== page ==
“Bloodshot Monochrome” By Patience Agbabi

“Bloodshot Monochrome” By Patience Agbabi



“Bloodshot Monochrome” By Patience Agbabi has various poems, which are related, around the city of London having an affect on its space. Throughout the novel it explains the many different aspects of London involving the relationship with diversity to the city structure itself. Throughout the novel, there are references to specific places, which were influenced by the city of London. One very specific reference is on page nine of the poem called, “The London Eye”, it states, “Through my gold-tinted Gucci sunglasses, the sightseers. Big Bens quarter chime strikes the convoy of number 12 buses that bleeds into the city’s monochrome.” That quote there is a very specific reference to the city of London and how its public space is affected by the way it is seen, perceived, and lived in. The gold-tinted Gucci sunglasses is describing that there are several different people around the city. Some of much different class’s and backgrounds. The line is also describing how the space of London is turning into a tourist attraction, then an actual place that people are living in and being raised in.



The next line, “Big Ben’s quarter chime strikes the convoy of number 12 buses that bleeds into the city’s monochrome” is describing how the city is over run with tourists and sightseer’s (like ourselves) and how it might be taking away something from the simple beauty and space of the city itself as a whole. The next line states, “through somebody’s zoom lens, me shouting to you, ‘Hello… on… bridge… minster!’” This again I took as another reference to the space f London being over run by tourists again. The line is also stating that it is so crowded, and it is so packed with people, you can barley hear anything or yourself speak. The reference to the zoom lens camera is another tourist indicator I think because if you are a tourist, you most likely will have a camera with you. The next line states, “the aerial view postcard, the man writing squat words like black cabs in rush hour.” This is saying that a man is writing a generic postcard to someone like he was in a huge rush with maybe rarely any effort. I think this is an important line because it explains that in a big city, everything seems rushed. And also the tourist probably seems like their just people repeating the same thing over and over again. I suppose it you lived in a city like London and had to experience that everyday it would eventually feel very repetitive. Also, I believe that tourism though is a part of London’s “Englishness”. The monuments are beautiful and people come from all over the world to experience its sights.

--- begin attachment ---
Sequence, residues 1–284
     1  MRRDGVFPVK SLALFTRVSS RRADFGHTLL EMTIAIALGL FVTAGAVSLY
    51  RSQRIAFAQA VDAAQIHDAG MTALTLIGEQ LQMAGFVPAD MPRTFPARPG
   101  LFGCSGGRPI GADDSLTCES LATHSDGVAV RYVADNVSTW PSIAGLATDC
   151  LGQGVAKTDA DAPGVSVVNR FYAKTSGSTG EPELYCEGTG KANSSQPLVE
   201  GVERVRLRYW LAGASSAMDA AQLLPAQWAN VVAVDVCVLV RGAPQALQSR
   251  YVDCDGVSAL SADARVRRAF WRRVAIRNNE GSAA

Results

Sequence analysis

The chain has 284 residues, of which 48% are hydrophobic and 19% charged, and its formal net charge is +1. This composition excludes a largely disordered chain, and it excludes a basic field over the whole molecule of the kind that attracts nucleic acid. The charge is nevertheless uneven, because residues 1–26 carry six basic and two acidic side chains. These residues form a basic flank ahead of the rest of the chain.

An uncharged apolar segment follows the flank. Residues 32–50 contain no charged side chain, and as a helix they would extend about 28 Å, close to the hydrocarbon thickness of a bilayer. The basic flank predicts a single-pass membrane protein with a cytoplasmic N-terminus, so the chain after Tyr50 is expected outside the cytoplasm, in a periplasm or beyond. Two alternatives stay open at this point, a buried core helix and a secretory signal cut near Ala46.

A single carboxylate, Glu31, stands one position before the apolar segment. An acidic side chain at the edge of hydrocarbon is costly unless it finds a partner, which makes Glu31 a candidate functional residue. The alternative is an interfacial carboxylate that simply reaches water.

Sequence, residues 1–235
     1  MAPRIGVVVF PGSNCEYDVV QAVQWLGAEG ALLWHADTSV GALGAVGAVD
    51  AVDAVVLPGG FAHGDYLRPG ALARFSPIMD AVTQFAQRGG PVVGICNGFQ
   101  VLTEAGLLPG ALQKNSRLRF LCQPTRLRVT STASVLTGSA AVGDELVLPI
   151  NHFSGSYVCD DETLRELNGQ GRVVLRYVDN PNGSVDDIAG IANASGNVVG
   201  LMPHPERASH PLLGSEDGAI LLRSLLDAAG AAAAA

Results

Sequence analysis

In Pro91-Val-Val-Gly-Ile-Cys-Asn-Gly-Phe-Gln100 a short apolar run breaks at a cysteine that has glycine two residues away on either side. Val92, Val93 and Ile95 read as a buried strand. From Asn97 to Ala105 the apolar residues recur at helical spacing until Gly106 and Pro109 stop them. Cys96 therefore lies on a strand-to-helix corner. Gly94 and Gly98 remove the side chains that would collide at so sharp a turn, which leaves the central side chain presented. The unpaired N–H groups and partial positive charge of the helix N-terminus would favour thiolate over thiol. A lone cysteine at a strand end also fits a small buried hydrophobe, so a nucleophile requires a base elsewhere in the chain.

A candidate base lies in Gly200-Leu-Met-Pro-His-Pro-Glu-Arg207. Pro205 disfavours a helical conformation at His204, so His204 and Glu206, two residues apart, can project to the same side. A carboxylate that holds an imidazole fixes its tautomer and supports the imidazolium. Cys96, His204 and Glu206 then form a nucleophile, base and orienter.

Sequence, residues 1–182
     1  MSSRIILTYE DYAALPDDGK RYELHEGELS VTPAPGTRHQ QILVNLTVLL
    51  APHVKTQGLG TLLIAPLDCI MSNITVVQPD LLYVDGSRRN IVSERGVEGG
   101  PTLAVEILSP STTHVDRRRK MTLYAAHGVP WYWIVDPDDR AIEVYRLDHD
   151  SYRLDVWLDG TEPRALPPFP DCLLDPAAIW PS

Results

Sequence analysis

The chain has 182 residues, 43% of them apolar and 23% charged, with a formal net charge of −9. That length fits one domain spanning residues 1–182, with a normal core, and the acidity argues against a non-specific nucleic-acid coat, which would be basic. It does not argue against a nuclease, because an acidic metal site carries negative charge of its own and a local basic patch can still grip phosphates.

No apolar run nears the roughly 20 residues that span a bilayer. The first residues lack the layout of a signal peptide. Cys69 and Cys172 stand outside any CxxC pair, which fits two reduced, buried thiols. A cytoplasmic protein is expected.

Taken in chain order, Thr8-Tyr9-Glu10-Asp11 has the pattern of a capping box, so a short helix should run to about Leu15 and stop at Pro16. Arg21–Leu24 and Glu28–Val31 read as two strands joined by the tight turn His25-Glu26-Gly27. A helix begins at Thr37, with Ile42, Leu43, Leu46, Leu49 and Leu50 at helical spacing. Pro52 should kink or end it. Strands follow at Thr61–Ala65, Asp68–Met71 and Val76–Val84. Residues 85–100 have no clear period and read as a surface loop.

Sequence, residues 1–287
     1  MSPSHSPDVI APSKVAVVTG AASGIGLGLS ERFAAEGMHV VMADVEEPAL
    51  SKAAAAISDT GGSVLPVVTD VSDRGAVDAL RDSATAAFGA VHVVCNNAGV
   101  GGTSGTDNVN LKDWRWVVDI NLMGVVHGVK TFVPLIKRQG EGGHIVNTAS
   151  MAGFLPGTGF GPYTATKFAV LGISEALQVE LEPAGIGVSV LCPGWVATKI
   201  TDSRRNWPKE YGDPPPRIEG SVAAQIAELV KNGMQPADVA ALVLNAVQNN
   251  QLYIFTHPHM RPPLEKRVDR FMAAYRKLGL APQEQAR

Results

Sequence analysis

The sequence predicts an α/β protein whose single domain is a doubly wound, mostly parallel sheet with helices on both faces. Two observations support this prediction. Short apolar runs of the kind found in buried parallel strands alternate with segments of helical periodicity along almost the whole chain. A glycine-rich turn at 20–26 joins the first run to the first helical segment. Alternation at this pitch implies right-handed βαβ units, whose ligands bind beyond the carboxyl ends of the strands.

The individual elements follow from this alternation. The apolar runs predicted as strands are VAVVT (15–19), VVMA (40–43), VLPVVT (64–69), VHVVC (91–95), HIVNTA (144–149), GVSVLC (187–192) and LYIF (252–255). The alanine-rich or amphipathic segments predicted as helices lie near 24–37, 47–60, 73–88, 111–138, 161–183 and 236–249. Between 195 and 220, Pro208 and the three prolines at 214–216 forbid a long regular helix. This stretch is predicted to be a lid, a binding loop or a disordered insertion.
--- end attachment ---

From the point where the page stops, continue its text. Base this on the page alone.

Another poem from the novel is on called “Skins”. It describes a man who is directly affected by the public space around him making him feel insecure about himself as a person. The poem states, “I just want to fit in. A misfit. Mixed-race but light-skinned, brown hair, blue eyes.. I passed. I had to. Then I got this tattoo. I did it in a fit of rage. It soon passed. You want to read my skin? .. Put my soul on ice, denied a black dad, too terrified to let on. I wore the outfit, marched with the skins.” This passage is directly relating to the stereotype of a public space that he is or was surrounded by. He was influenced by the people’s views around the city to develop this belief. The British meaning or slang of “Skins” for this poem according to page 75 is, “’I passed is short for ‘I passed for white’ i.e. I was mistakenly accepted as a white person.”

The City of London is a very international city. Which directly relates to the poem. There are many different people in the city, cultures and languages. People can be living there permanently or just visiting the city. “Sightseers are becoming a part of London and it’s “Englishness”. This can either be a great experience for some or a burden for others. Regardless, people make up the public space of London. Through the Souvenirs being sold, pictures, food, to language and noise; it is all in some way, being affected by the people in the city. The public space changes constantly with the people who are in it. It is a part of the city and what makes it so diverse and interesting.


3 thoughts on ““Bloodshot Monochrome” By Patience Agbabi

  1. You wrote at the end of your post that “people make up the public space of London.” I think this is a very interesting reflection. We have been talking about private and public spaces and what it means to be an individual moving through those spaces throughout the course. Interacting with people in the public space is a huge part of this. A lot of our walks through London were hurried, we past hundreds of people that were strangers. These strangers made up a huge part of our experience without even realizing it. It is thought provoking to reflect on a simple walk down a London street. Even our frequent walk to Sir. John Russell’s or the London pub, thought they were the same roads each time, were changed by the people who shared the street with us. Good post, Jen 🙂

  2. Hey Jen!
    I really liked your detailed analyses of Agbabi’s poem “The London Eye”, especially the line “Through my gold-tinted Gucci sunglasses, the sightseers. Big Bens quarter chime strikes the convoy of number 12 buses that bleeds into the city’s monochrome.” You said that this brings up the fact that London is overrun with tourists and, to go off of that, I think this line also highlights consumerist culture, which we see just about everywhere nowadays. I think it’s interesting to examine the things that Agbabi mentions from her bird’s-eye view of London. She talks about the people and a highly superficial culture.
    Good job!
    -Julia (:

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